W4-B.2  15:50  The IRIS rogram – a key resource for public health risk assessment. Salmon A*, Marty M, Zeise L; Cal/EPA Office of Environmental Health Hazard Assessment, Oakland, CA   Kadry.abdel@epa.gov

Abstract: The USEPA’s IRIS risk assessment program offers the states an unparalleled resource for understanding the potential public health impacts of environmental contaminants. The states are on the frontline assessing statewide and localized environmental contamination, and making decisions to reduce exposure and mitigate risk from environmental contaminants. The in-depth analyses undertaken in the IRIS program for important environmental contaminants can be used by the states in their environmental protection programs, and help further methodologies that can be adopted by the states in their development of assessments. Thus, the states rely on the IRIS program for informed decision making at the state and local levels. A few key examples will be presented, including use of the recent EPA TCE analysis, and the assessment of the cancer risk from PCBs in California programs.

W4-B.3  16:10  Retooling of IRIS: What Progress Has Actually Been Made Over the Last 20 Months? Becker RA*, Pottenger LH, Fensterheim RJ, Wise K; American Chemistry Council   rick_becker@americanchemistry.com

Abstract: Retooling EPA’s Integrated Risk Information System (IRIS) to address long-standing shortcomings in IRIS policies & practices for conducting assessments has been catalyzed by a highly critical April 2011 NRC report, stakeholder recommendations, GAO reviews, 2011 Congressional hearings, & the bipartisan FY2011-2012 budget law (enacted 12/2011). While EPA stated its intention to implement all NRC recommendations, progress has been slow (see EPA’s April 2012 Report to Congress). Unfortunately, EPA has not yet established a transparent plan (and timeline) to implement many of the critical improvements; without these upgrades, the same significant scientific deficiencies noted in the NRC April 2011 report will likely continue to plague IRIS assessments. Implementing the following recommendations will help meet the scientific benchmarks laid out by NRC & Congress and significantly advance the IRIS process: 1) Improve the design & data acquisition phase by specifying key issues to be assessed, methods/evaluation procedures to be used, and holding a dialogue with stakeholders on these; 2) Use consistent, scientifically objective data evaluation procedures for each study type; 3) Modernize weight of evidence determinations by adopting and applying a consistent, comprehensive framework to establish mode of action, cause & effect, and determine cancer/non-cancer risks at environmentally relevant exposures; 4) Provide a complete hazard characterization, including evaluation of background/endogenous exposures, extrapolation using available mode of action information, including a threshold model whenever default linear extrapolation is used; 5) Develop a range of risk values, including central tendency estimates in addition to upper bound calculations; and 6) Improve peer-review by providing meaningful opportunities for stakeholder input on charge questions and by upgrading procedures to assure full accountability for completely addressing public comments & peer-review findings.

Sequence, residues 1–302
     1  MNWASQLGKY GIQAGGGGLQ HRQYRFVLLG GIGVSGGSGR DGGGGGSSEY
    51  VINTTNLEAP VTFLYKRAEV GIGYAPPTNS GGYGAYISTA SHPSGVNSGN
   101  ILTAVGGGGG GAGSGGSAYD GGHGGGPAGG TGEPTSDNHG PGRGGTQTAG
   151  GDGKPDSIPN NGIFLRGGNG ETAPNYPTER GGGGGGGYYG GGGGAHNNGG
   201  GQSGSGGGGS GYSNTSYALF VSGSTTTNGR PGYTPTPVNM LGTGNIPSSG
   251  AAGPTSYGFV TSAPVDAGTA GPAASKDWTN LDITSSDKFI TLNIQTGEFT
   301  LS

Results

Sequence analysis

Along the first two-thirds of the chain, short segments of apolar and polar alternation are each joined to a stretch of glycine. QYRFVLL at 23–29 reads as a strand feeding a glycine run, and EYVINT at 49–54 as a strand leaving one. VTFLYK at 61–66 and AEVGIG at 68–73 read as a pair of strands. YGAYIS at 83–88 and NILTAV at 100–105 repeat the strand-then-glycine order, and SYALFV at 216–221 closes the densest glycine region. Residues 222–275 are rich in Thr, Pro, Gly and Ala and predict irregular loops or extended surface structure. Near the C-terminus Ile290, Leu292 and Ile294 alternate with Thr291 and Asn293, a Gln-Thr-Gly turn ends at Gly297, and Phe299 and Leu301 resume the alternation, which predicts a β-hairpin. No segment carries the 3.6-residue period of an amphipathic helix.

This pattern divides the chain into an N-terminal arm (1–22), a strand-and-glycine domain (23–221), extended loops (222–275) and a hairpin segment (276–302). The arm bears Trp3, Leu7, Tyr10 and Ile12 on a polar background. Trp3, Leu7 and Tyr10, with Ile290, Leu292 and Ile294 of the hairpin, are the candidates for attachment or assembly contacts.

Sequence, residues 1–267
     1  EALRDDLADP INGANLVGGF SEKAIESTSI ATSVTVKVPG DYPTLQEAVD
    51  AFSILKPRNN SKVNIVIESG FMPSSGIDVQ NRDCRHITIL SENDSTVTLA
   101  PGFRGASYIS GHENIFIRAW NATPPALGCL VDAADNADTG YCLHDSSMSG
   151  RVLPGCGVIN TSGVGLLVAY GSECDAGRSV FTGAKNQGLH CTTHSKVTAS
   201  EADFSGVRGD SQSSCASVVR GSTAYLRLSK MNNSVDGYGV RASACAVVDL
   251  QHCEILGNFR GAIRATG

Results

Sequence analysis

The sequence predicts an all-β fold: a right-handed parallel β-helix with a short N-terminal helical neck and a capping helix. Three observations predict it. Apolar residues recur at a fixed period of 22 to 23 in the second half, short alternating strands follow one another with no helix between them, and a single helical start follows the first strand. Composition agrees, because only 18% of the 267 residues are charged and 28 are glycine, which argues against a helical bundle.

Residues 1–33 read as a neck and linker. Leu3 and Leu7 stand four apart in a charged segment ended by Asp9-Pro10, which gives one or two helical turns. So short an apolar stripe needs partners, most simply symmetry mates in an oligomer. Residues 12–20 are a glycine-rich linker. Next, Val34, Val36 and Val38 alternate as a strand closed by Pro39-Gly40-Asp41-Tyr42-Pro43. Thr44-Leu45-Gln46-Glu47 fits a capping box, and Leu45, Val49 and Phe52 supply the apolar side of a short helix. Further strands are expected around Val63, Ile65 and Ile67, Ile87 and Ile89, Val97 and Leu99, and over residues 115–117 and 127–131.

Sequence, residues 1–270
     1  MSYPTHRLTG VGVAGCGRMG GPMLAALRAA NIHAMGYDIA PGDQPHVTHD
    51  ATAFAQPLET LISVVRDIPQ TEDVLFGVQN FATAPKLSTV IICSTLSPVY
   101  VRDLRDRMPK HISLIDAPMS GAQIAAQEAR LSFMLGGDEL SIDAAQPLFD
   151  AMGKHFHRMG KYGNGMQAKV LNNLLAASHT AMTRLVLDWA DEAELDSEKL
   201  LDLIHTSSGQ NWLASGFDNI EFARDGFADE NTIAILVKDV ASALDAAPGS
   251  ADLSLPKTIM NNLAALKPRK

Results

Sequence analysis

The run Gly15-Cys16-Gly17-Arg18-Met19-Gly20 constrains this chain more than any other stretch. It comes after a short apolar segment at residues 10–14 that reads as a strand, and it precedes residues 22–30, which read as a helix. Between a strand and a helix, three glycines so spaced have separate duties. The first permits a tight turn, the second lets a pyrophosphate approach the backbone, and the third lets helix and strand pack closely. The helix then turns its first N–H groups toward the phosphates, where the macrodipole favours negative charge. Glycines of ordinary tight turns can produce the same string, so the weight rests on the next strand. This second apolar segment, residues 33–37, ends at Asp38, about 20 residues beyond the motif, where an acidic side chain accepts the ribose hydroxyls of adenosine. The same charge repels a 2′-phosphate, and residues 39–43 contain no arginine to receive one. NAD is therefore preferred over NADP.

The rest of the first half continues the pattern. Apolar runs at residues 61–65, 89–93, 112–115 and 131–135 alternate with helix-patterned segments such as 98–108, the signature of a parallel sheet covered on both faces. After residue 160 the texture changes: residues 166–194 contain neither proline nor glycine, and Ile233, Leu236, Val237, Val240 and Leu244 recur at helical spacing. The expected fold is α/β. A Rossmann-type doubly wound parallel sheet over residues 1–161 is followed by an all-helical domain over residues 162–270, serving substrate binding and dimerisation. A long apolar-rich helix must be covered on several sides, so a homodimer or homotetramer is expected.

W4-B.4  16:30  NGO Perspective on IRIS Process and Progress. Janssen SJ*; Natural Resources Defense Council (NRDC)   sjanssen@nrdc.org